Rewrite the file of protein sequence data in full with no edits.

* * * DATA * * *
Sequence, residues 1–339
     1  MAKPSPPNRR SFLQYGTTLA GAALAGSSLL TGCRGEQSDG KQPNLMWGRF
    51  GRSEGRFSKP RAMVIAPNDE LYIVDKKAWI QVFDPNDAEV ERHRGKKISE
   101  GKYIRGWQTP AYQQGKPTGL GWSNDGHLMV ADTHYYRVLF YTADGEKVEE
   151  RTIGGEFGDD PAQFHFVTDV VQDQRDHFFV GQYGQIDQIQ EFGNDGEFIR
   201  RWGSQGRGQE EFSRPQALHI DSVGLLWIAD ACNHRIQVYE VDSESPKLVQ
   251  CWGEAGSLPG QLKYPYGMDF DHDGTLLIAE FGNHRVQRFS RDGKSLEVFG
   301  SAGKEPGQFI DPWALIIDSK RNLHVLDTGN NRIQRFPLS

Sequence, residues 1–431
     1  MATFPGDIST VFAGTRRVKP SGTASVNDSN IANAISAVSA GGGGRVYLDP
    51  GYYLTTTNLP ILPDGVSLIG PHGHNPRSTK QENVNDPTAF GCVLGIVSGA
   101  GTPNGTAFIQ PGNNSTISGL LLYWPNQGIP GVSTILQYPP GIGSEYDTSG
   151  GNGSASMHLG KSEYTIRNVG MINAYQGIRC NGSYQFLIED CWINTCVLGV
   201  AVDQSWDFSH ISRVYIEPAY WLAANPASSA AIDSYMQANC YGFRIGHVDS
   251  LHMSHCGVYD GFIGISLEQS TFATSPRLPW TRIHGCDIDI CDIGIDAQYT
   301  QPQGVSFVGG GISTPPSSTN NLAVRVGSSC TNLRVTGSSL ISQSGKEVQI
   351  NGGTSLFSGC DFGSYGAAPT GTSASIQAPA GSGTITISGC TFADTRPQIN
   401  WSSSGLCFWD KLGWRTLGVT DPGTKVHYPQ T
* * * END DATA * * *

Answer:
Sequence, residues 1–339
     1  MAKPSPPNRR SFLQYGTTLA GAALAGSSLL TGCRGEQSDG KQPNLMWGRF
    51  GRSEGRFSKP RAMVIAPNDE LYIVDKKAWI QVFDPNDAEV ERHRGKKISE
   101  GKYIRGWQTP AYQQGKPTGL GWSNDGHLMV ADTHYYRVLF YTADGEKVEE
   151  RTIGGEFGDD PAQFHFVTDV VQDQRDHFFV GQYGQIDQIQ EFGNDGEFIR
   201  RWGSQGRGQE EFSRPQALHI DSVGLLWIAD ACNHRIQVYE VDSESPKLVQ
   251  CWGEAGSLPG QLKYPYGMDF DHDGTLLIAE FGNHRVQRFS RDGKSLEVFG
   301  SAGKEPGQFI DPWALIIDSK RNLHVLDTGN NRIQRFPLS

Sequence, residues 1–431
     1  MATFPGDIST VFAGTRRVKP SGTASVNDSN IANAISAVSA GGGGRVYLDP
    51  GYYLTTTNLP ILPDGVSLIG PHGHNPRSTK QENVNDPTAF GCVLGIVSGA
   101  GTPNGTAFIQ PGNNSTISGL LLYWPNQGIP GVSTILQYPP GIGSEYDTSG
   151  GNGSASMHLG KSEYTIRNVG MINAYQGIRC NGSYQFLIED CWINTCVLGV
   201  AVDQSWDFSH ISRVYIEPAY WLAANPASSA AIDSYMQANC YGFRIGHVDS
   251  LHMSHCGVYD GFIGISLEQS TFATSPRLPW TRIHGCDIDI CDIGIDAQYT
   301  QPQGVSFVGG GISTPPSSTN NLAVRVGSSC TNLRVTGSSL ISQSGKEVQI
   351  NGGTSLFSGC DFGSYGAAPT GTSASIQAPA GSGTITISGC TFADTRPQIN
   401  WSSSGLCFWD KLGWRTLGVT DPGTKVHYPQ T